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British Columbia

Smoking prevalence

 $104.96In 2015, smoking prevalence in British Columbia was 10.2%, below the national average of 13.0%, and the lowest of all provinces.

Figure 2.3 (below) shows smoking prevalence, overall and by sex, in British Columbia from 1999-2015. Overall, prevalence appeared to slowly decline during this time, although little progress was made throughout much of the 2000s. Males had similar or greater prevalence than females in all years observed, although with year-to-year variation.

 Tobacco Use Monitoring Survey 1999-2012; Canadian Tobacco, Alcohol and Drugs Survey, 2013, 2015. See data table with 95% confidence intervals below.


Figure 2.4 shows smoking prevalence by age group in British Columbia, from 1999-2015. During this time period, there was a net decrease in smoking prevalence in all age groups, despite fluctuations; this decrease was largest among the younger age groups, and smallest among those over 45. Declines have slowed in most age groups in the most recent years.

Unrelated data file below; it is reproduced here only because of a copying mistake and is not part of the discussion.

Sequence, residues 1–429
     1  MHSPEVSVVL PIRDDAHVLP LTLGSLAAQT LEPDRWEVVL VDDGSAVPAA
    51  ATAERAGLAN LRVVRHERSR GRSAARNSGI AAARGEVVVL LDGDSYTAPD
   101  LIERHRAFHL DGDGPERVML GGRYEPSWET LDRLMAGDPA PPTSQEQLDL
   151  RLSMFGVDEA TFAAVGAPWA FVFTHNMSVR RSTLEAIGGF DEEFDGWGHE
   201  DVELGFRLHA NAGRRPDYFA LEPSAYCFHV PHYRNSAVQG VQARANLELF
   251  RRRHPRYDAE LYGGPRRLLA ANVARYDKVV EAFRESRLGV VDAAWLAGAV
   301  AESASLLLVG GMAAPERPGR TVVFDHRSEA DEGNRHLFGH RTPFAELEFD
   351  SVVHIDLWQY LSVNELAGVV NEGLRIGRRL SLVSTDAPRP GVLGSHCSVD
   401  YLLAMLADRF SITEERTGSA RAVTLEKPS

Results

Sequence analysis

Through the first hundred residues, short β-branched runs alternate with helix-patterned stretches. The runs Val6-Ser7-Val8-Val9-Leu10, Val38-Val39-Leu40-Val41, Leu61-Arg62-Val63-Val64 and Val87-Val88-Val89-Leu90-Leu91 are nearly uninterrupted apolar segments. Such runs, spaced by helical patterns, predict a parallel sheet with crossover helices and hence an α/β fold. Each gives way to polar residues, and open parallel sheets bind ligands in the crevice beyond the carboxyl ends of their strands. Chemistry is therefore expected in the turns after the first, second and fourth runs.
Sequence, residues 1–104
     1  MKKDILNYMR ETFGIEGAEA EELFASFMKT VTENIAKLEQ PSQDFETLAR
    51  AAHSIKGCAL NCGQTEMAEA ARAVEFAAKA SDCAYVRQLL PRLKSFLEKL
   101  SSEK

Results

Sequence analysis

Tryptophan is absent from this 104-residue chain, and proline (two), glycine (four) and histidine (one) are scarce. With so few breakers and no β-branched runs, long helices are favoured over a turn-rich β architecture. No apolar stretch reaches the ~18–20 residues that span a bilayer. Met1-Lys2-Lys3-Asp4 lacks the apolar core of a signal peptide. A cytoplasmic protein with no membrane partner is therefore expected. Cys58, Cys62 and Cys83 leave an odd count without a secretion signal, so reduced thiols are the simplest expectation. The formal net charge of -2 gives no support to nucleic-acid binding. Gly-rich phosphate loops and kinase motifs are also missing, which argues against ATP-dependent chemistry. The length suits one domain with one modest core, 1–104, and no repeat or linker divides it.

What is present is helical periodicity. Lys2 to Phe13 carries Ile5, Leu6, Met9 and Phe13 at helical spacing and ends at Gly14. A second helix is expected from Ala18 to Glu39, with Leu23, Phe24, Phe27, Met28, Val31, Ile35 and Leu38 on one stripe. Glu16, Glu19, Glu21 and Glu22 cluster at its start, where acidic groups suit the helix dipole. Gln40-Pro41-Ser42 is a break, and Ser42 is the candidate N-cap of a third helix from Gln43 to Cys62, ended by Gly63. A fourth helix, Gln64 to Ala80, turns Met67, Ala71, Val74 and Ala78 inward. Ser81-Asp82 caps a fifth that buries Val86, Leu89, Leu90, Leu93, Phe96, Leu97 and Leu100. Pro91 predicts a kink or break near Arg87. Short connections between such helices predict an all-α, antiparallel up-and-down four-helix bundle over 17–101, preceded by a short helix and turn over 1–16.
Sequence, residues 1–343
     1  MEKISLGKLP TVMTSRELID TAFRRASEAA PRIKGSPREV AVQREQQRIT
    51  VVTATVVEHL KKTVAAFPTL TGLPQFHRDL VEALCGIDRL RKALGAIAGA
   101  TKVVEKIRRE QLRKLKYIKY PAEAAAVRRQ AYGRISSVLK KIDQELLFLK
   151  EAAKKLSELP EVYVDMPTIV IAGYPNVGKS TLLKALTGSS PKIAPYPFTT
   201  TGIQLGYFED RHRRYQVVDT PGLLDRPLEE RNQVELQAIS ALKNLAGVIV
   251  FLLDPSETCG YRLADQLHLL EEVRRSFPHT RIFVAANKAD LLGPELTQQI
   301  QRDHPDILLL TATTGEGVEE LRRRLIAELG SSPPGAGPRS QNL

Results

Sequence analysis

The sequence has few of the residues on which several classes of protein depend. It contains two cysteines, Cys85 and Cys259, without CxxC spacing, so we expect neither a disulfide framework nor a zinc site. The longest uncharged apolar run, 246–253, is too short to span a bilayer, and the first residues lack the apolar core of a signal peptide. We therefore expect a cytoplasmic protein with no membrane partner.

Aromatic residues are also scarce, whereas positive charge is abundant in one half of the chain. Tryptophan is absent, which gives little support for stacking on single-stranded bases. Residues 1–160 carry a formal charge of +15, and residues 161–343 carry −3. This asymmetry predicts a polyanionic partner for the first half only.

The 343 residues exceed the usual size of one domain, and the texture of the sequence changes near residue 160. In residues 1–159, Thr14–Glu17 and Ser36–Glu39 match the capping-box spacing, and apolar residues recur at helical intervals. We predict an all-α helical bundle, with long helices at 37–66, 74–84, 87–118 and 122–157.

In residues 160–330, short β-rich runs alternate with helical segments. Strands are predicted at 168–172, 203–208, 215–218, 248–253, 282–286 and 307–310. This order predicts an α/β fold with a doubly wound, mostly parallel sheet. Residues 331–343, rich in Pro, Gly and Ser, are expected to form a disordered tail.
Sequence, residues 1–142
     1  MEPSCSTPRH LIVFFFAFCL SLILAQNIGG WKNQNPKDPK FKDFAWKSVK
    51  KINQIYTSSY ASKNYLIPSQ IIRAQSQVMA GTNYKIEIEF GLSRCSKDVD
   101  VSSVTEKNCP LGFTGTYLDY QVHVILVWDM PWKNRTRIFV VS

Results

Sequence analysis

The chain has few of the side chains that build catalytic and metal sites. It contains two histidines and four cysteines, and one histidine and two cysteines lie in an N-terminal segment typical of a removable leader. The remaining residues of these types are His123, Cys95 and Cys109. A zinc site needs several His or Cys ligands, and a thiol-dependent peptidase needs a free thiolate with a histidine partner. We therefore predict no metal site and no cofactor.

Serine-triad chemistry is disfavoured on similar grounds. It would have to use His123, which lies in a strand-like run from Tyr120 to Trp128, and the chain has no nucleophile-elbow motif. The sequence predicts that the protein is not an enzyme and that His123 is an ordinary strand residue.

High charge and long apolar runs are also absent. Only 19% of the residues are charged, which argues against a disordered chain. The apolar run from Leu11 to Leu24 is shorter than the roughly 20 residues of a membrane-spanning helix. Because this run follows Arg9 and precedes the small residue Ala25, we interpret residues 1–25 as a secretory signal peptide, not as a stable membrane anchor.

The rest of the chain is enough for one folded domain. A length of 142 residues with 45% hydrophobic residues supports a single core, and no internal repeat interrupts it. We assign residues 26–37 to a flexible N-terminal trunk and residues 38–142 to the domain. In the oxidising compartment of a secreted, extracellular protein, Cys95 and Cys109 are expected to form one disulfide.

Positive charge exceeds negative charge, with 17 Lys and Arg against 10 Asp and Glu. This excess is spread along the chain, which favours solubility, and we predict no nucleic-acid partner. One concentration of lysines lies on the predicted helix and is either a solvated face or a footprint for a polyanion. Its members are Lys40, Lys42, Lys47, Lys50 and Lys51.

Current smoking prevalence* by age group, British Columbia, 1999-2015. *Includes daily and non-daily smokers. #Caution: These estimates do not meet Statistics Canada's quality standards. Conclusions based on these data will be unreliable, and most likely invalid. ! Estimate suppressed due to unacceptable quality. Data sources: Canadian Tobacco Use Monitoring Survey, 1999-2012; Canadian Tobacco, Alcohol and Drugs Survey, 2013, 2015. See data table with 95% confidence intervals below.

Cigarette consumption

Between 1999 and 2015, average daily cigarette consumption in British Columbia appears to have slightly decreased overall (Figure 2.5). Cigarette consumption was higher among males than females in all years, but with some year-to-year variation in the size of this difference.

 Canadian Tobacco Use Monitoring Survey, 1999-2012; Canadian Tobacco, Alcohol and Drugs Survey, 2013, 2015. See data table with 95% confidence interval below.